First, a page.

Phil Wiser’s dramatic and unlikely ascent has taken him from Hammerjacks to Silicon Valley
By John Lewis (Baltimore Magazine, 12/2010)
Phil Wiser was a senior at Eastern Vo-Tech and something of a science geek in 1984. But Wiser wasn’t your typical nerd, with his long hair and confident swagger. In fact, he was class president and bassist in Child’s Play, a popular metal band that played local clubs. It’s a rare trait, being the nerd and the cool kid, but it’s a combination that’s served Wiser well and distinguished him from his peers.
98 Rock’s Bob Lopez picked up on that one night at the Seagull Inn in Essex. Lopez came out to a Child’s Play show to promote the station and got into a lengthy conversation with Wiser. Unlike some of his peers, the budding metal god didn’t focus exclusively on his favorite Zeppelin songs or the merits of Bud vs. Michelob. “Actually, we spent quite a bit of time discussing technology,” recalls Wiser. “We talked a lot about this crazy thing called the personal computer that Apple was putting out.”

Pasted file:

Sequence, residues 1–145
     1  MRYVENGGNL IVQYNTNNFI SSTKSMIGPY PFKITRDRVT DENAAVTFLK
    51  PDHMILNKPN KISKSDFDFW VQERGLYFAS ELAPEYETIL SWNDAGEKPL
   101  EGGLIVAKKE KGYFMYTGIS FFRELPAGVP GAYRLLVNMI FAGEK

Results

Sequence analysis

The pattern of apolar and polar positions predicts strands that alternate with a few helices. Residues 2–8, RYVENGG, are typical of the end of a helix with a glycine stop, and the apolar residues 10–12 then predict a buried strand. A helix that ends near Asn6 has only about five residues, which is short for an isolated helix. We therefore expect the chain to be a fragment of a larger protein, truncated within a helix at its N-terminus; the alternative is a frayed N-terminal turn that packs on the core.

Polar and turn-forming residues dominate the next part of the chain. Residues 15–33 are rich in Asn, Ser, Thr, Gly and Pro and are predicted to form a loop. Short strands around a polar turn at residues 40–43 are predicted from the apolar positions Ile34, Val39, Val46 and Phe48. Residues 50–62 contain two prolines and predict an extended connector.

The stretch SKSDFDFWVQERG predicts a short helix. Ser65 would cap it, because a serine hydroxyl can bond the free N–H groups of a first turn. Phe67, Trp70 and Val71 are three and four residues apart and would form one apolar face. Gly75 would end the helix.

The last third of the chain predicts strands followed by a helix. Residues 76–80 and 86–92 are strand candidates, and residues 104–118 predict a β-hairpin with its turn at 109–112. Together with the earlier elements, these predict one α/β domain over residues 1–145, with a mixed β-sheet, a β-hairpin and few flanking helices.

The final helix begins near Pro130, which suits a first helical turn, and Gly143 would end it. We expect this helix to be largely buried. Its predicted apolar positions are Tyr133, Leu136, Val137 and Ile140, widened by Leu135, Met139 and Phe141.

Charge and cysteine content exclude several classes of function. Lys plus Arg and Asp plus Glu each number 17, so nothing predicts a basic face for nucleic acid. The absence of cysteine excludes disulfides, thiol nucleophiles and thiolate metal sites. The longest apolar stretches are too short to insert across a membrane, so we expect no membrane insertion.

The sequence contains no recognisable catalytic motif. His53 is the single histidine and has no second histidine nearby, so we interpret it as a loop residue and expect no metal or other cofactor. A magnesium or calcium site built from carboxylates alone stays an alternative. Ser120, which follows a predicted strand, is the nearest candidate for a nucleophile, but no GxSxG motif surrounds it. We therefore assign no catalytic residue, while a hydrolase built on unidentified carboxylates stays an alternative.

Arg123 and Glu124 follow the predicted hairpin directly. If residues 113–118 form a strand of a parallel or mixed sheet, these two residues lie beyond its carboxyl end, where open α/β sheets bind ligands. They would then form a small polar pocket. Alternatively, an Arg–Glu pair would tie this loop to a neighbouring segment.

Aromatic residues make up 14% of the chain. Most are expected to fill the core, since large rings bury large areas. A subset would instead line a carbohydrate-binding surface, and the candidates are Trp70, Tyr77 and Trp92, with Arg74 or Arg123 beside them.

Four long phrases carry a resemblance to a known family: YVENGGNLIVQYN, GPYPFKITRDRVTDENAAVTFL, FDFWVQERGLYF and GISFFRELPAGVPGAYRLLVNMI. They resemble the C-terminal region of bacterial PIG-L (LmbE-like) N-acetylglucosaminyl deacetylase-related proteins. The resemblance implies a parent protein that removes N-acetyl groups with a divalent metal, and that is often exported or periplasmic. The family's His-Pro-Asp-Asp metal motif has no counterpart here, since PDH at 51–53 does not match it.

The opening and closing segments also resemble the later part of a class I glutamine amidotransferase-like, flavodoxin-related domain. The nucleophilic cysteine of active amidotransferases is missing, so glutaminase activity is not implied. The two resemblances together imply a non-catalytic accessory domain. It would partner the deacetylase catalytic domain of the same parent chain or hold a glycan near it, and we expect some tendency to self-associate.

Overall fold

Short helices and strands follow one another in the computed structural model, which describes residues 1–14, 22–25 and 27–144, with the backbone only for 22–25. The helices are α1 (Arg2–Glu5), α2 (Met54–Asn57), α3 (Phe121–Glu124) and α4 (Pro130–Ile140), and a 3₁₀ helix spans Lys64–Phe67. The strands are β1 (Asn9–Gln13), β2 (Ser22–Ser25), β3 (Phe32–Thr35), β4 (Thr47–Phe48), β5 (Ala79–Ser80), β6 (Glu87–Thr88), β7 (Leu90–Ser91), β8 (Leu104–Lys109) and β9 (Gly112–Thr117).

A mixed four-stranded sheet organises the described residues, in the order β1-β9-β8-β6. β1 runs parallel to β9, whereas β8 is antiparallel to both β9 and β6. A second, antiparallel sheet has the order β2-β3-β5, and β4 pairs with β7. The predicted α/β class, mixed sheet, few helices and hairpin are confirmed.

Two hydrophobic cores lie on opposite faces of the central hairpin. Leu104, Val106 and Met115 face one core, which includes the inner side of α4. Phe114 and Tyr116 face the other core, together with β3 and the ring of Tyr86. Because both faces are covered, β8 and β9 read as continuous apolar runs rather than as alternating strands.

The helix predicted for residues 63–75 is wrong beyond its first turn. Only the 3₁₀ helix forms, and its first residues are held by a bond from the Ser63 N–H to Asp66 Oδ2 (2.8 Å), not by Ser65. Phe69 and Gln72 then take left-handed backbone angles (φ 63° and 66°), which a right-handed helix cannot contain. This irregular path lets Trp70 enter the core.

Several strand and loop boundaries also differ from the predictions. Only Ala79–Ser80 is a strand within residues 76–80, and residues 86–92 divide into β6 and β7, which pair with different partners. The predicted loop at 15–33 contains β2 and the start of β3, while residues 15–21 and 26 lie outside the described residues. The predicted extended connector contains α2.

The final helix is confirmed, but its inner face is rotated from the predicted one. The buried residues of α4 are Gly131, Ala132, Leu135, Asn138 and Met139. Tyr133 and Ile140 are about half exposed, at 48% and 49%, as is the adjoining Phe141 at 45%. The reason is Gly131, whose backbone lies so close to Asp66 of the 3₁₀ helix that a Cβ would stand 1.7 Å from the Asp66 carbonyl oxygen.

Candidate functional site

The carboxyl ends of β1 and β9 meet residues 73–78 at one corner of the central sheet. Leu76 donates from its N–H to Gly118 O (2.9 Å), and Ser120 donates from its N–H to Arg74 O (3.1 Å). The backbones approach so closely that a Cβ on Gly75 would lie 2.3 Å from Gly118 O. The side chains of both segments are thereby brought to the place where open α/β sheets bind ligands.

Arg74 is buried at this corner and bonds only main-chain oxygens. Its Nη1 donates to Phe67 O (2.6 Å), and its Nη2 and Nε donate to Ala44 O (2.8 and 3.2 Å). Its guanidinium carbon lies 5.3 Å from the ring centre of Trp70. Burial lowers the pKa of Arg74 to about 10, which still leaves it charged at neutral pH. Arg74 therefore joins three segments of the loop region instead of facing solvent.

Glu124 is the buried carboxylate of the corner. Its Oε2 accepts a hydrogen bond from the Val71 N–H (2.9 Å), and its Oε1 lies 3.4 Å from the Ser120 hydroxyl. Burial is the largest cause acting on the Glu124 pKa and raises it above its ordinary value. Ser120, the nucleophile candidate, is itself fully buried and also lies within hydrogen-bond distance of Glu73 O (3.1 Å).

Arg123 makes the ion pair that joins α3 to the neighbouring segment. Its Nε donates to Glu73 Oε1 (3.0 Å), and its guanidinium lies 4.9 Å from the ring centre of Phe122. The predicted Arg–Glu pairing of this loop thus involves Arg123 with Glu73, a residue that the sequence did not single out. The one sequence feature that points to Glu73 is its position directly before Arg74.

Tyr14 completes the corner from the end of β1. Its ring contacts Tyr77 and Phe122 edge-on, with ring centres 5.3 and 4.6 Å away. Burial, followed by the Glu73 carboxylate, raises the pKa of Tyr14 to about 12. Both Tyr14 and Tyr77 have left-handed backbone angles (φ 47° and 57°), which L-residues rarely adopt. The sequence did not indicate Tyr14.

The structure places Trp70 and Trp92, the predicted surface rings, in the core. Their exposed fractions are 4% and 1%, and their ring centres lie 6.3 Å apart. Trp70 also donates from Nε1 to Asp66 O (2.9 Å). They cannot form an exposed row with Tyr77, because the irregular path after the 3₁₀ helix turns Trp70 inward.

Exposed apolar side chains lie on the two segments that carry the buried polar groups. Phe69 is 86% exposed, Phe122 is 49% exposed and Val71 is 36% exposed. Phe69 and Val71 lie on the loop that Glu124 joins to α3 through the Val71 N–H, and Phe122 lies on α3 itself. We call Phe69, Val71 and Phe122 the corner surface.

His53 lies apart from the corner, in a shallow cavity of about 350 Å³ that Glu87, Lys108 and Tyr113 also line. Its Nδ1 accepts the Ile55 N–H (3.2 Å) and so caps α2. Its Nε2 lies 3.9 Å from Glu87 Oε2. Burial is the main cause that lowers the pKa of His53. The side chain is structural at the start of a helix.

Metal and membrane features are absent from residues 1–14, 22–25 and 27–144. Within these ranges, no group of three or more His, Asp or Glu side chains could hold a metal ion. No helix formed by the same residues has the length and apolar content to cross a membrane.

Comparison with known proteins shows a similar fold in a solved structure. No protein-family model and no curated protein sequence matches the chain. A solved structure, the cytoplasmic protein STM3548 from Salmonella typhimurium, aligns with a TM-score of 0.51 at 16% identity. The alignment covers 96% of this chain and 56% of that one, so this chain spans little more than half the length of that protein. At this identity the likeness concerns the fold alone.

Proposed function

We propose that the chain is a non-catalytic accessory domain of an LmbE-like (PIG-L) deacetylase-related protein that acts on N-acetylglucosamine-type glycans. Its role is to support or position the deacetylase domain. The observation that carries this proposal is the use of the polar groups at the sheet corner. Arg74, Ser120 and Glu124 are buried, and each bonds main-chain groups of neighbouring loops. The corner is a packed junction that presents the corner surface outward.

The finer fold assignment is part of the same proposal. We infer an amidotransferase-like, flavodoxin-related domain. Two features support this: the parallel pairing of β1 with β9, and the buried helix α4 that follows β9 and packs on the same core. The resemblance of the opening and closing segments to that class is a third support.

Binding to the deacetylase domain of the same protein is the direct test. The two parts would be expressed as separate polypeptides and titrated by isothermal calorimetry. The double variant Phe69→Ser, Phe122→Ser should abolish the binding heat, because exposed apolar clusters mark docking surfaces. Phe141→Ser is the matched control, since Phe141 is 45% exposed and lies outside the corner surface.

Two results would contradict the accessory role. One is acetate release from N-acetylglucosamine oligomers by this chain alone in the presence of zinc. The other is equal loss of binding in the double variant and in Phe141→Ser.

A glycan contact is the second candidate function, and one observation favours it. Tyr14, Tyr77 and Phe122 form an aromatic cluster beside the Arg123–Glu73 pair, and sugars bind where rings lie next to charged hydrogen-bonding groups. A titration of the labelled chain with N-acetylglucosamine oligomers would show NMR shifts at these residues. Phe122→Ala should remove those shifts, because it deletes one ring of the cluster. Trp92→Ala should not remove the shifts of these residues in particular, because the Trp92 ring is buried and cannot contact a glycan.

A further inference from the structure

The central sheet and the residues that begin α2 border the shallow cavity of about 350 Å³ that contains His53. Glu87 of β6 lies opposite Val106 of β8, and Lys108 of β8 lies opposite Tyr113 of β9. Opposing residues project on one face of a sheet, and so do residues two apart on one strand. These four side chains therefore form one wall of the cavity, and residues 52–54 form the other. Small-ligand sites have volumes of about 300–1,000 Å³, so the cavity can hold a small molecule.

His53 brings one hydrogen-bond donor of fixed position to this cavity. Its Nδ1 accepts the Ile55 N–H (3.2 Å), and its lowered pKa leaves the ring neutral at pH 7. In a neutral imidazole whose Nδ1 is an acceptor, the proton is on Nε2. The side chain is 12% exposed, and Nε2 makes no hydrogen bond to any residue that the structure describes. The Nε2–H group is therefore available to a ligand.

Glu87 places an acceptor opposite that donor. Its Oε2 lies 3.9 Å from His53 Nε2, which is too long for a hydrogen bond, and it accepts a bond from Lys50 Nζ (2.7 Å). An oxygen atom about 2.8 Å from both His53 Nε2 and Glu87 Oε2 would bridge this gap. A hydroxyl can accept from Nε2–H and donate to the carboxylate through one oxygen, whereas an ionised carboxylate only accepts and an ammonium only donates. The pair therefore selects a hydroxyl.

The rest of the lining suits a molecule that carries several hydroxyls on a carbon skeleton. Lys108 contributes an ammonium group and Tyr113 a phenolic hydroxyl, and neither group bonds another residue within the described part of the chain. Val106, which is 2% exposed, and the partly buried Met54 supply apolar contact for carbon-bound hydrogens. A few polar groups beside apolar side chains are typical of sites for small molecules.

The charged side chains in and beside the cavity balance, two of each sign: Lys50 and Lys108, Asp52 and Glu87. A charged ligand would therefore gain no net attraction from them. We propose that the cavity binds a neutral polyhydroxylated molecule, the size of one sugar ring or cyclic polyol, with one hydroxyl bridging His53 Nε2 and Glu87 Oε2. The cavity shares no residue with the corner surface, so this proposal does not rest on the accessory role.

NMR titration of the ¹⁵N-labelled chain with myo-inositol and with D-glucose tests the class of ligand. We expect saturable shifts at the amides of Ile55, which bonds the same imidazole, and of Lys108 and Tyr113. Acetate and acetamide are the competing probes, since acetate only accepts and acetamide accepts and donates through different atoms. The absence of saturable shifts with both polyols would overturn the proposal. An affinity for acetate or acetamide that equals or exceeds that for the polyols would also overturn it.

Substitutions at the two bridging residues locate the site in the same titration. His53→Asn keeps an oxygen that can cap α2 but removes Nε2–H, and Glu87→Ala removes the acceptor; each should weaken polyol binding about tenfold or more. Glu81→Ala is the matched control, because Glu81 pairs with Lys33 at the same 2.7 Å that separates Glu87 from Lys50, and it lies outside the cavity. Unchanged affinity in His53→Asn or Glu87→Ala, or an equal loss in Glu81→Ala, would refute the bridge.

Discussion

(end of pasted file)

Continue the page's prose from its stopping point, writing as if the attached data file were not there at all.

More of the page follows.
The next morning, Lopez raved to his listeners about the band and its whipsmart bass player. “It was great walking into school after he had talked about me and Child’s Play on the radio,” says Wiser. “Everyone heard it as they were driving to school, so I was king of the hill that day.”
It turns out that Lopez, who passed away in 2005, was somewhat prescient with regards to Wiser. The head-banging, spandex-wearing, sweat-soaked rocker traded hard rock rhythms for algorithms and ascended to far greater heights as a techie than as a musician. Instead of eking out a living in the hardscrabble record biz, he revolutionized the entire music business.
Wiser created what his website calls “the core technologies that now form the basis for all online music” and worked as Chief Technology Officer at Sony, where he brokered landmark deals with the likes of Apple. Now, Wiser—the suit wearing, plane flying, Silicon Valley entrepreneur—has set his sights on the television industry.
And to think it all started with AC/DC.
Continue reading “It’s a Long Way to the Top” at Baltimore Magazine.